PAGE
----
Laurel OB/GYN offers postpartum care visits to new moms within the first four weeks of childbirth. This includes a physical examination and provision for family planning as desired by each patient. Please call our office at (828) 253-5381 for an appointment as soon as possible after the birth of your child.
After pregnancy and childbirth, your doctor can continue providing regular gynecological care with Pap smears, breast exams, family planning, and management of menopausal symptoms.
Our obstetricians and certified midwife provide the following postpartum care services:
Restricted activity includes nothing in the vagina for 6 weeks (no intercourse, no douching, no tampons). You should not drive while requiring pain medications and until you feel like pain will not decrease your reaction time or keep you from comfortably wearing a seat belt. This is usually a few days after a vaginal delivery and about 2 weeks after a c-section.
Lifting should be limited to nothing greater than 10 to 15 pounds for the first 2 weeks if you have had a Cesarean delivery. Exercise may be restarted as tolerated after a vaginal delivery and 2 weeks after a C-section but please avoid getting too tired.
You may do what you feel like doing, but stop to rest often. Take care of yourself and the baby and allow others to help with cleaning and cooking for the first couple of weeks. If you have no one to help, you may do light household duties after the first week and as you feel able, but stop to rest often. Try to lie down and rest when the baby naps during the day. You may climb stairs but you may need to stop and rest along the way.
Your bleeding should gradually decrease in amount and change from bright red to brown and then to yellow. You should use pads for 6 weeks and then you may use tampons.
Call our office if your bleeding greatly increases after you get home. Postpartum bleeding may continue for 8 weeks postpartum but has usually stopped by 6 weeks. If you are not breastfeeding, your menstrual cycle will probably resume in 6 to 8 weeks. If breastfeeding you may not have a period until you stop breastfeeding. Call if you have questions or problems regarding your postpartum care.
Your bowels may be sluggish after delivery. We recommend that you increase the fiber in your diet. You could do this by eating bran cereal daily or by increasing fruits and vegetables and whole grain breads. Remember to drink 6-8 glasses of water daily.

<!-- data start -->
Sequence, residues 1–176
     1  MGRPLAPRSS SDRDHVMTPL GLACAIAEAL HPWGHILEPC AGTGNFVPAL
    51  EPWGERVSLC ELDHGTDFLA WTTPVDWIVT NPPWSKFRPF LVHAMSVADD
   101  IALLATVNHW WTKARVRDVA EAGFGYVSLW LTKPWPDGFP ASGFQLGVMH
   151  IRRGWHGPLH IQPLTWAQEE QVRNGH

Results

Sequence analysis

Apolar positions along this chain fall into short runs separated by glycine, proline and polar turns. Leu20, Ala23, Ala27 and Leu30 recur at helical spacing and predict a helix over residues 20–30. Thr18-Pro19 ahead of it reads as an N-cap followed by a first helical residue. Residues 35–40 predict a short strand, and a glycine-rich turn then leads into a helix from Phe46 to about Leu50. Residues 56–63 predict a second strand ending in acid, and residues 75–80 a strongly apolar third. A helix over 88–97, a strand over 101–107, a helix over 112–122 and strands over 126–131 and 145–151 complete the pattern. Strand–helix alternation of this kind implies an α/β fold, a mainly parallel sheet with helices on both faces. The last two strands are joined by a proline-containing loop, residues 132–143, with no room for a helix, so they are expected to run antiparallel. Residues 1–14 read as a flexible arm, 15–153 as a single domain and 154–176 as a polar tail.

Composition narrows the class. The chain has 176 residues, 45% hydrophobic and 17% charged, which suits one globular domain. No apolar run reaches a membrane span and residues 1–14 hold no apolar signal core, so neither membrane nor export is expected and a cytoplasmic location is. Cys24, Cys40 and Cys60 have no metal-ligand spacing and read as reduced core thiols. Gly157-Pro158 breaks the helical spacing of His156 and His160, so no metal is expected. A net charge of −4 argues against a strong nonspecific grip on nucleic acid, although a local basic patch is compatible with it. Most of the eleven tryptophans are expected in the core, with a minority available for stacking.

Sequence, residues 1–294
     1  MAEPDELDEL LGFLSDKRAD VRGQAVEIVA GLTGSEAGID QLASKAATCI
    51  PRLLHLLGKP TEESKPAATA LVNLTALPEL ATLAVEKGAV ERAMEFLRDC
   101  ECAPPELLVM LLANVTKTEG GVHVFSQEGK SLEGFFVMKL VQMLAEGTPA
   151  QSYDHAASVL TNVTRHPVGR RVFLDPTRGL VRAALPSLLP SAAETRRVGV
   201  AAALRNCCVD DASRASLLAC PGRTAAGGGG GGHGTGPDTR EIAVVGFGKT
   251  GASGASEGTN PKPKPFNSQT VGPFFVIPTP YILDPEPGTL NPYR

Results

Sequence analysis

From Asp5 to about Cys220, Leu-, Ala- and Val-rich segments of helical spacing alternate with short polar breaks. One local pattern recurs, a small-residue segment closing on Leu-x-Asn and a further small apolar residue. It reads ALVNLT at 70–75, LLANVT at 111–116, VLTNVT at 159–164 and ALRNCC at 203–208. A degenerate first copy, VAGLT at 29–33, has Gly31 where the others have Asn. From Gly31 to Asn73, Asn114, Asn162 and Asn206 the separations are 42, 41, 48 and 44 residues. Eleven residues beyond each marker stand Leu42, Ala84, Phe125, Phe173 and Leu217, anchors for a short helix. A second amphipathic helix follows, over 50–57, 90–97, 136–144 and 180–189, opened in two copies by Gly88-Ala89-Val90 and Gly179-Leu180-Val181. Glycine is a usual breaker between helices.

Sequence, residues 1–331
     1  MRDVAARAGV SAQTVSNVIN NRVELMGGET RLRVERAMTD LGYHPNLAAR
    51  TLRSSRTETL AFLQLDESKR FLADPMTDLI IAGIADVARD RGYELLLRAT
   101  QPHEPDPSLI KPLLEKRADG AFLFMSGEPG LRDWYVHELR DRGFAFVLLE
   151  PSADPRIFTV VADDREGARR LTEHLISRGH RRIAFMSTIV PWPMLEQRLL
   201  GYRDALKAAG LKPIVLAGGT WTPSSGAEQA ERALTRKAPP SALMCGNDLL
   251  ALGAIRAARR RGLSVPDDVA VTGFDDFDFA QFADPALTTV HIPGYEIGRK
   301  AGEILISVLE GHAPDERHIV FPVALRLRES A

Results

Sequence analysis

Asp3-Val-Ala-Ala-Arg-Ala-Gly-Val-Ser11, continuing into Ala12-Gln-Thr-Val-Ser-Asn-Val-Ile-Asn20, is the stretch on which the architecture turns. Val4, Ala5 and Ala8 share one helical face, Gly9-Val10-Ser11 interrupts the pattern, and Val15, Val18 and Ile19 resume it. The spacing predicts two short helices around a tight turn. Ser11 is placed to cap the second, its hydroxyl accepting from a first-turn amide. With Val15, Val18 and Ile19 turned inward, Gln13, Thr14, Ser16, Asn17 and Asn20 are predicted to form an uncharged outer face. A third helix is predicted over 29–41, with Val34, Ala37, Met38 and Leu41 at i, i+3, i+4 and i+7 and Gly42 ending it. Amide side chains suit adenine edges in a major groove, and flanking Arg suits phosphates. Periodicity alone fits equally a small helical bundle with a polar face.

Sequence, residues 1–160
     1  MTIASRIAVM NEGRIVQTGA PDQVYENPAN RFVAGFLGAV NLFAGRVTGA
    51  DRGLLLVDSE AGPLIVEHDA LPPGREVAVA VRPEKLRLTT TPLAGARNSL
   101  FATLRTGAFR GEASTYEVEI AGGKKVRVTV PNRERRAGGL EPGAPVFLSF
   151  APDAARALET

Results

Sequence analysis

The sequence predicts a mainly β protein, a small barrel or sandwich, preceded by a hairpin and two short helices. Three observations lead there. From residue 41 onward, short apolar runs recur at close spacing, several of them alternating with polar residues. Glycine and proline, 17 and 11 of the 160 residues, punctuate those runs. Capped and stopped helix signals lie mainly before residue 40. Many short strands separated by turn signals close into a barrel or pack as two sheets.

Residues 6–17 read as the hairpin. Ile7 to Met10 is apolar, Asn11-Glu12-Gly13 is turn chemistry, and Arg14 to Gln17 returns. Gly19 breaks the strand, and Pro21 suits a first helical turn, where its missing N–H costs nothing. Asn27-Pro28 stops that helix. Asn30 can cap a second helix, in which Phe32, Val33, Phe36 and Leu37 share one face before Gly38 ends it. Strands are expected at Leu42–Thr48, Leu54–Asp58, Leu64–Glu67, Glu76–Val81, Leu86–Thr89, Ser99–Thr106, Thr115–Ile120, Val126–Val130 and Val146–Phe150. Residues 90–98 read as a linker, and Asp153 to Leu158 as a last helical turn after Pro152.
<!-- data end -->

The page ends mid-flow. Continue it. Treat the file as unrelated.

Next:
Bowel movements may be painful at first due to the stitches, contracting uterus, or hemorrhoids. Sitz baths, Tucks pads, ice packs, and soft pillows may be helpful. Stool softeners may be taken daily if needed. There are certain vaginal lacerations in which suppositories and creams for hemorrhoids are not acceptable so please make sure your doctor has ordered these prior to using them.
If you have had a Cesarean delivery, you should not soak your incision. Therefore, either a very shallow bath or showers should be used during the first 2 weeks.
As obstetricians and gynecologists, we suggest that you do not douche during the postpartum period or ever unless prescribed. However, if you do, please do not douche for 6 weeks.
Perineal stitch pain can be helped with warm baths 2-3 times daily (see Bathing). The stitches are absorbed by the body and do not have to be removed. Using pillows and selecting soft places to sit may be helpful. Tylenol, Ibuprofen, or Aleve may be taken if needed. Most stitches will be completely healed within 2-3 weeks.
Pain at your incision site after a c-section will also respond to Tylenol, Ibuprofen, or Aleve but you will likely need a narcotic during the first 2 weeks. This will be prescribed by your doctor. If it contains acetaminophen (which is the same as Tylenol) make sure that you do not take this with regular Tylenol as you can exceed the recommended dose this way. You can use a heating pad at your incision and you can try to give support when you cough or sneeze by holding a pillow to your incision. You may wish to take a stool softener, such as Colace, while requiring a narcotic as this medicine can slow your GI tract. You cannot drive while requiring a narcotic for pain control.